Matthias's father was Leonhard Höe von Höenegg, a Lutheran imperial councillor and doctor of law descended from old Austrian nobility. Matthias was born prematurely and so his health was weak during his early years, meaning he only started speaking when he was seven. His father initially had him taught by a private tutor until, once he was almost fully educated, he was allowed to visit Vienna's St Stephan's Stadtschule, where he developed remarkably and began talking to the city's scholars.
Due to the imminent capture of Vienna in 1594 by the Ottomans, Matthias, his father and his brother moved to Steyr, where they spent three years and where Matthias attended the local gymnasium. His father then returned to Vienna and recalled Matthias, giving him a chance to attend the University of Vienna, where he initially studied philosophy. On the recommendation of an envoy from Saxony, on 16 June 1597 he moved to the University of Wittenberg, where he studied philosophy and gained his master's degree, toying with going into law but in the end deciding to study theology.
After several disputations and lectures in Wittenberg, his father's death in 1599 brought him back to Vienna for a short time, before returning to Wittenberg, where he gained his licentiate in theology in 1601. In 1602 he travelled to Dresden, where he aimed to become court-preacher to the Prince Elector. After a trial sermon on 17 February 1602 he gained the post and also graduated on 6 March 1604 as a doctor of theology in Wittenberg. Christian II of Saxony then sent him to Plauen as superintendent, where on 20 April he was introduced to Polykarp Leyser the Elder.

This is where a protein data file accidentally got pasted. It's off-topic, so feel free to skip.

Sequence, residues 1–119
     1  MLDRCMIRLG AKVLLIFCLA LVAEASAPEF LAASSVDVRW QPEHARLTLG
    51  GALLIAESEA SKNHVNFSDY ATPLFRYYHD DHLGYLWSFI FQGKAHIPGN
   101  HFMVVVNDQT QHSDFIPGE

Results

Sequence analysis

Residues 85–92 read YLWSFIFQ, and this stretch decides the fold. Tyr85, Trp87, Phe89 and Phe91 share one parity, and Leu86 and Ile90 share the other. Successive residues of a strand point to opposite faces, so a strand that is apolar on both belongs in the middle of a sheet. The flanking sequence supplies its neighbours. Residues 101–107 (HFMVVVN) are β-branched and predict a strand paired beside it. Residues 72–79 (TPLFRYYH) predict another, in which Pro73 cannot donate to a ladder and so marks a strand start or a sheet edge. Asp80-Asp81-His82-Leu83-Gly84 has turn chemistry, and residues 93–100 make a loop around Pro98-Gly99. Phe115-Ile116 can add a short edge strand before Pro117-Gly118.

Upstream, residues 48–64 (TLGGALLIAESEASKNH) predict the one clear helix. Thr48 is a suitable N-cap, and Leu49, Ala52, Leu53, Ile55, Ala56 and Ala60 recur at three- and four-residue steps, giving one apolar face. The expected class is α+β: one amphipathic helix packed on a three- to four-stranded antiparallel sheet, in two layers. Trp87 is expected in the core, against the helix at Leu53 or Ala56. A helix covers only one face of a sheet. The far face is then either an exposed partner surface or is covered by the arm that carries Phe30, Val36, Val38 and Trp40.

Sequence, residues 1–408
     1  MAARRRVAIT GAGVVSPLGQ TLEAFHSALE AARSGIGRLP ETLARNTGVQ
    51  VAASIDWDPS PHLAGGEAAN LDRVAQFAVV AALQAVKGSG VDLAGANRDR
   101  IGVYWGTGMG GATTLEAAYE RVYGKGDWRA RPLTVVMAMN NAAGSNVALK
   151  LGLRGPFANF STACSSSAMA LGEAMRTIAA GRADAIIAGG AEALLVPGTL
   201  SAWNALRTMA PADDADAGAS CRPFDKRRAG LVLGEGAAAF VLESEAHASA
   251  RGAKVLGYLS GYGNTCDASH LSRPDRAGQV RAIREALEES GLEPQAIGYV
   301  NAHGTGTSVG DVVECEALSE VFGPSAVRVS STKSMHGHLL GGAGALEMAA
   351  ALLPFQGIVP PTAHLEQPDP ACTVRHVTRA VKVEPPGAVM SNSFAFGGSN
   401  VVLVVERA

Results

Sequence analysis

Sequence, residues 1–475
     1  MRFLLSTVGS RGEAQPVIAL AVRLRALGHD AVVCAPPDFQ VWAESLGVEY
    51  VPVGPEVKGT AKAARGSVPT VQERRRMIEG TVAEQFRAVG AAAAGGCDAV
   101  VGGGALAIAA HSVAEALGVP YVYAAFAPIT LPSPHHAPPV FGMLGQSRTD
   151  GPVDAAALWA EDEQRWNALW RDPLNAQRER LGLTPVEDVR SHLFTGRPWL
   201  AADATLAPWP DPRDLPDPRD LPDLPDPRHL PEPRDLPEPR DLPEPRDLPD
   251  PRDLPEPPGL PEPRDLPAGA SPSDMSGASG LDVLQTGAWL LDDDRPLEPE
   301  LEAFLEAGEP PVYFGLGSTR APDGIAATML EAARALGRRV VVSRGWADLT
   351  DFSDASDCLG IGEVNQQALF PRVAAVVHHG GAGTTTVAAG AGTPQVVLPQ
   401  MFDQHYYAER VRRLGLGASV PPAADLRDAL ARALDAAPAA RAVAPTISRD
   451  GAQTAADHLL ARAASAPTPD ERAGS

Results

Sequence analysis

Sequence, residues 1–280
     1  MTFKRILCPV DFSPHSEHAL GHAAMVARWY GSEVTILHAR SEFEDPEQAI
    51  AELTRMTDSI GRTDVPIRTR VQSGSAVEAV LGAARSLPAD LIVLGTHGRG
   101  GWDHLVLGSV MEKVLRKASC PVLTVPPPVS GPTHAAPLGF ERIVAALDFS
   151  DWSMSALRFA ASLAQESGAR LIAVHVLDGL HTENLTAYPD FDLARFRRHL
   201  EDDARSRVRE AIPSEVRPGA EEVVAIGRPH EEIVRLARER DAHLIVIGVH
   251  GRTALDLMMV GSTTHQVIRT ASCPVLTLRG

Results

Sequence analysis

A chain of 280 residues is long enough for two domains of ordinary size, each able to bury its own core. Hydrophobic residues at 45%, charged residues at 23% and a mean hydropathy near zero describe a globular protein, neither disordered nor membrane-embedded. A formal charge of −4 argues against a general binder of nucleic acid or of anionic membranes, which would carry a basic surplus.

Despite several offers of other posts, he remained in the service of Saxony and in 1611, at the request of the elector of Saxony, moved to Prague as director of Protestant schools and churches in Bohemia. He then moved back to Dresden on the death of Paul Jenisch and replaced him as chief court preacher of Saxony.
His most notable work is his two-volume Commentarii in Joannis Apocalypsin (Leipzig 1610/40). His sermons and writings were strong Lutheran polemics against the Reformed churches, whose beliefs he loathed more than Counter-Reformation Catholicism. Older literature on the topic[who?] has overestimated his influence on John George I of Saxony and Saxon policy at the start of the Thirty Years' War, though he was on John George's privy council when it approved siding with the Emperor against Frederick V and wrote propaganda to support that decision.
This article includes a list of references, related reading or external links, but its sources remain unclear because it lacks inline citations. (September 2016) (Learn how and when to remove this template message)
- ‹See Tfd›(in German) Frank Müller: Kursachsen und der böhmische Aufstand 1618–1622. Münster 1997, ISBN 3-402-05674-7.
- ‹See Tfd›(in German) Christian Gottlieb Jöcher: Gelehrtenlexikon. Vol 2 p. 1638
- ‹See Tfd›(in German) Wolfgang Sommer: Die lutherischen Hofprediger in Dresden: Grundzüge ihrer Geschichte und … Franz Steiner, 2006, ISBN 3-515-08907-1
- Adolf Brecher: Hoë von Hoënegg, Matthias. In: Allgemeine Deutsche Biographie (ADB). Vol 12, Duncker & Humblot, Leipzig 1880, S. 541–549.
- "Matthias Hoë von Hoënegg". Biographisch-Bibliographisches Kirchenlexikon (BBKL) (in German).
- "Entry". Zedlers Universallexikon. 13. p. 184.